***Below is a piece I wrote for Macro-Ops.com. For more information, check out their site here!***
He knows how to identify securities that sell at considerably less than their value to a private owner; And that’s all he does … He owns many more stocks than I do and is far less interested in the underlying nature of the business; I don’t seem to have very much influence on [him]. That is one of his strengths; No one has much influence on him.
Those words, spoken by Warren Buffett, describe one of the greatest value investors of all time. No, Buffett isn’t referring to his longtime business partner Charlie Munger nor his famed teacher Benjamin Graham.
(** all information for this report was sourced via www.walterschloss.com **).
The investor is Walter Schloss.
Schloss is a wellspring of value investing wisdom.
Over the course of this piece we’ll dive into Schloss’ principles for investing. His ideas on portfolio construction. And we’ll finish with applying these lessons learned to analyzing shipping stocks. An industry we’re particularly bullish on at the moment.
Battlefields to Balance Sheets
Schloss enlisted in the US Army Signal Corps at the end of 1945 after his stint as a runner on Wall Street. Before being shipped overseas, Benjamin Graham offered Walter the opportunity to join his firm, Graham-Newman Corporation, as a security analyst. Schloss accepted the offer after returning from service and quickly learned the ropes of value investing through real-world applications of Ben Graham’s classroom teachings.
After working under Graham for nine years, Schloss opened up a one man shop, Walter J. Schloss Associates.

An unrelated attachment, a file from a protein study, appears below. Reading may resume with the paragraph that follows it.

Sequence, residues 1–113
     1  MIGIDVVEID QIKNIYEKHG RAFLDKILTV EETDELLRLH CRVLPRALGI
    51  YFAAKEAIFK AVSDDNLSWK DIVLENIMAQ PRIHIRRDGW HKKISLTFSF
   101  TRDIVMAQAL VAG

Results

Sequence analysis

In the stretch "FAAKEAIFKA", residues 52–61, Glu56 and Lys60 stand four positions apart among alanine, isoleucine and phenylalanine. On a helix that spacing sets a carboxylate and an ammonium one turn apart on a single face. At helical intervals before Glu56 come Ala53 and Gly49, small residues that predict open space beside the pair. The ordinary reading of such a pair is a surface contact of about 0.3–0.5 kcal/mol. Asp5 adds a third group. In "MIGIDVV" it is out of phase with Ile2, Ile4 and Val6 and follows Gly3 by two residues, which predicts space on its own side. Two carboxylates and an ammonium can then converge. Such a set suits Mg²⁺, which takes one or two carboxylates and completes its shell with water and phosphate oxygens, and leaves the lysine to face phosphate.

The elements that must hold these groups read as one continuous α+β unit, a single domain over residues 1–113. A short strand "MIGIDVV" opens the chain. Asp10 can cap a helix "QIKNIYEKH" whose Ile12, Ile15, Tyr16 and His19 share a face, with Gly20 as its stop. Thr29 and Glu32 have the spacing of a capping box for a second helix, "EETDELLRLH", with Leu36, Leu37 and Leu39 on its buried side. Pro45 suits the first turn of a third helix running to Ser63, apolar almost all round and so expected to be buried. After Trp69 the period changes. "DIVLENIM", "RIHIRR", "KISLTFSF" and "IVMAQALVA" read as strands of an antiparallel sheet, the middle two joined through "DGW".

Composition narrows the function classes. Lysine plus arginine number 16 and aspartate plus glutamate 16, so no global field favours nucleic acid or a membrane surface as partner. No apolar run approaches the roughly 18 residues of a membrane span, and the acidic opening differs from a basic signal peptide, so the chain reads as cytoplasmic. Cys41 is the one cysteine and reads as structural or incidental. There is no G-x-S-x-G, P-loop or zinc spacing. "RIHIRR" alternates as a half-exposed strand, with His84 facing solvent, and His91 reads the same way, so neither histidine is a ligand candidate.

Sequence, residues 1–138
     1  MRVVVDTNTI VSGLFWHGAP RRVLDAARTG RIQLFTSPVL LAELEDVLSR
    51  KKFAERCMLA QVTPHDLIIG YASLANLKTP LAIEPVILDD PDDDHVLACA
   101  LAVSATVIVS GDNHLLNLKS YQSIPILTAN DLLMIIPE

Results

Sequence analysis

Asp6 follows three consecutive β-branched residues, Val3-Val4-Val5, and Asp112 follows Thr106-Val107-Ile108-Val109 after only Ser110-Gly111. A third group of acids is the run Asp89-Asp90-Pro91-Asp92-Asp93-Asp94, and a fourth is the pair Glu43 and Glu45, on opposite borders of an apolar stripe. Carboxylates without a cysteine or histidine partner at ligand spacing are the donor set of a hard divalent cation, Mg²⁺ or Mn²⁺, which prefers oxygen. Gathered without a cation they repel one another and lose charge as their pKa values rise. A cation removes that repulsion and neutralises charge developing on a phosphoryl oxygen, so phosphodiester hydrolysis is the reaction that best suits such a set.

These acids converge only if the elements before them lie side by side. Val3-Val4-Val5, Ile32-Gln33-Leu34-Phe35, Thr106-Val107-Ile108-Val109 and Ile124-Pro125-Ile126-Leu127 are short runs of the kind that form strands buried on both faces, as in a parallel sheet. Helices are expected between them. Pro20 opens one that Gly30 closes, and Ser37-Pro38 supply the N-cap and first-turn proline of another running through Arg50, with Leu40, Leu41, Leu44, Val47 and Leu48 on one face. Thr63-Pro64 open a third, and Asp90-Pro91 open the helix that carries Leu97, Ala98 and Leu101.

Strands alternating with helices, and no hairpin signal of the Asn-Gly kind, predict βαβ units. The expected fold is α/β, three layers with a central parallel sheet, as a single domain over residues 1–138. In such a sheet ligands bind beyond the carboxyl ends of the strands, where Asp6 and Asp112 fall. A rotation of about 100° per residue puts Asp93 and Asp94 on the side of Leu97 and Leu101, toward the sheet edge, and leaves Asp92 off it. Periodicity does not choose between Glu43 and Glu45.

As the saying goes, the rest was history.
Schloss took his original partnership money and spent the next 32 years compounding capital at 16.4% annually compared to the S&P return of 9.8%.
Schloss accomplished this impressive feat while operating out of a small room (Warren Buffett referred to it as, “a portion of a closet”) at Tweedy, Browne’s offices. He didn’t use a computer or a team of analysts. Just a monthly paper subscription to Value Line. He was the embodiment of a spartan approach to investing.
How was Schloss able to compound capital at such high rates over such a long period of time? What was his secret sauce?
Schloss kept a low profile (similar to the Chandler Brothers) and routinely shied away from press coverage or interviews with journalists for the majority of his career. However, as he got older, he started sharing his wisdom in the form of articles and speaking events. Through these sporadic public appearances we can get a better picture of just who this man is and how he invested in markets.
Investment Philosophy: Buy Stocks Like Groceries, Not Perfume